Shades of green
Varieties of the color green may differ in hue, chroma or lightness, or in two or three of these qualities. Variations in value are called tints and shades, a tint being a green or other hue mixed with white, a shade being mixed with black. A large selection of these various colors is shown below. Green is common in nature in plants. Many plants are green because of a complex chemical known as chlorophyll, involved in photosynthesis. Many shades of green are related to plants. Due to varying ratios of chlorophylls, the plant kingdom exhibits many shades of green in both hue and value; the chlorophylls in living plants have distinctive green colors, while dried or cooked portions of plants are different shades of green due to the chlorophyll molecules losing their inner magnesium ion. Artichoke is a color, a representation of the color of a raw fresh uncooked artichoke. Another name for this color is artichoke green; the first recorded use of "artichoke green" as a color name in English was in 1905.
This is the color called artichoke green in Pantone. The source is Pantone 18-0125 TPX Asparagus is a tone of green, named after the vegetable. Crayola created this color in 1993 as one of the 16 to be named in the Name the Color Contest, it is the color of a wild asparagus plant blowing in the wind of the 1949 classic film Sands of Iwo Jima. Another name for this color is asparagus green; the first recorded use of "asparagus green" as a color name in English was in 1805. Avocado is a color, a representation of the color of the outer surface of an avocado; the color avocado is a dark yellow-green color. Avocado was a common color for metal surfaces, as well as the color harvest gold, during the whole decade of the 1970s, they were both popular colors for shag carpets. Both colors went out of style by the early 1980s. Dark green is a dark shade of green. A different shade of green has been designated as "dark green" for certain computer uses. Fern green is a color. A Crayola crayon named fern was created in 1998, a lighter shade of the top color shown on the right.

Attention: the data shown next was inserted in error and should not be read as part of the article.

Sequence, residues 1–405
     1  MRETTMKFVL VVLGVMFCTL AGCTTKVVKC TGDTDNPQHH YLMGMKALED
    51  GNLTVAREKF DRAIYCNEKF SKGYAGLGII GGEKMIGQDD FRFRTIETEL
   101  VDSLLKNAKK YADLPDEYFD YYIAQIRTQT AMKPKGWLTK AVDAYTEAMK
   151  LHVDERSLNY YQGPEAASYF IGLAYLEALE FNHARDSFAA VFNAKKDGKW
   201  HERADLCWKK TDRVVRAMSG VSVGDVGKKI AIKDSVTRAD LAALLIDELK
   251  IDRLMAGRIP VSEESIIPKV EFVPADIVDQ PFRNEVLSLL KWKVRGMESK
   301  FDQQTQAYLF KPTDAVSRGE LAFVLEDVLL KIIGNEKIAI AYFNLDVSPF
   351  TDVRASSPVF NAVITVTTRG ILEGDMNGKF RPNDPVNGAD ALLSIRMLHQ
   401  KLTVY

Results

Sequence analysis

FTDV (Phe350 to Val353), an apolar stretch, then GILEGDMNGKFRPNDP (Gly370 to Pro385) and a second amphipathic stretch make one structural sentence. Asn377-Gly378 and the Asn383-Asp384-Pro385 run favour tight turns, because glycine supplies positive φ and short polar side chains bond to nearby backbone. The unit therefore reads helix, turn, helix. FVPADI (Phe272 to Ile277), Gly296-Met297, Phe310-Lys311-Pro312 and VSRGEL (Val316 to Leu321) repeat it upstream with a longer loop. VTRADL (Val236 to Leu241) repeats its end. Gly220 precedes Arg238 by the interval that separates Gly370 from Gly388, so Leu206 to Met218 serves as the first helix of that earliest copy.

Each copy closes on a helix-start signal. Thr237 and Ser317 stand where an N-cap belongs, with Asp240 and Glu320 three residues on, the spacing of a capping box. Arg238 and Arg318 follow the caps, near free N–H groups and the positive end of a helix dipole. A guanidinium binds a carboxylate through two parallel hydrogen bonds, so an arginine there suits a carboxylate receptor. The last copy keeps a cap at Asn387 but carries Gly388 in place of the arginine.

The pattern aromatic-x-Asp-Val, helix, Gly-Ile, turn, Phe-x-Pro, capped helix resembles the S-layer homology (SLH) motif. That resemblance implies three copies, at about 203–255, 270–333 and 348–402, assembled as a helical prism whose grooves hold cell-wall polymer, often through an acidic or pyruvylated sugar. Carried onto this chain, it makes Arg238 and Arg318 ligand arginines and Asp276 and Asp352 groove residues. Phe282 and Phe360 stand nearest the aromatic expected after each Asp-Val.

The first recorded use of fern green as a color name in English was in 1902. Forest green refers to a green color said to resemble the color of the trees and other plants in a forest; the first recorded use of forest green as the name of a color in the English language was in 1810. Displayed at right is the color green earth. Hooker's green is a dark green color created by mixing Prussian Gamboge, it is displayed on the right. Hooker's green takes its name from botanical artist William Hooker who first created a special pigment for leaves. Displayed at right is the color jungle green. In 1990, Crayola formulated this specific tone of jungle green; the first recorded use of jungle green as a name of a color in the English language was in 1926. Laurel green is a medium light hue of greenish lighter; the first recorded use of laurel green as a name of a color in the English language was in 1705. Light green is a light tint of green. Mantis is a color, a representation of the color of a praying mantis.
The first use of mantis as a color name in English was when it was included as one of the colors on the Xona.com color list, promulgated in 2001. Moss green is a tone of green; the first recorded use of moss green as a color name in English was in 1884. Myrtle green called myrtle, is a color, a representation of the color of the leaves of the myrtle plant; the first recorded use of myrtle green as a color name in English was in 1835. Myrtle is the official designation of the green stripes on Waterloo rugby club's shirts, the green of Hunslet rugby league club, the green stripes of the South Sydney Rabbitohs and the green of the blazers, sports kit and scarf of St. Aloysius' College, Glasgow, it is one of the school colors of Lane Technical College Prep High School in Chicago, the other being old gold. The baggy green, the cricket cap worn by Australian Test cricketers since around the turn of the twentieth century, is myrtle green in color. Pine green is a rich shade of spring green, it is an official Crayola color.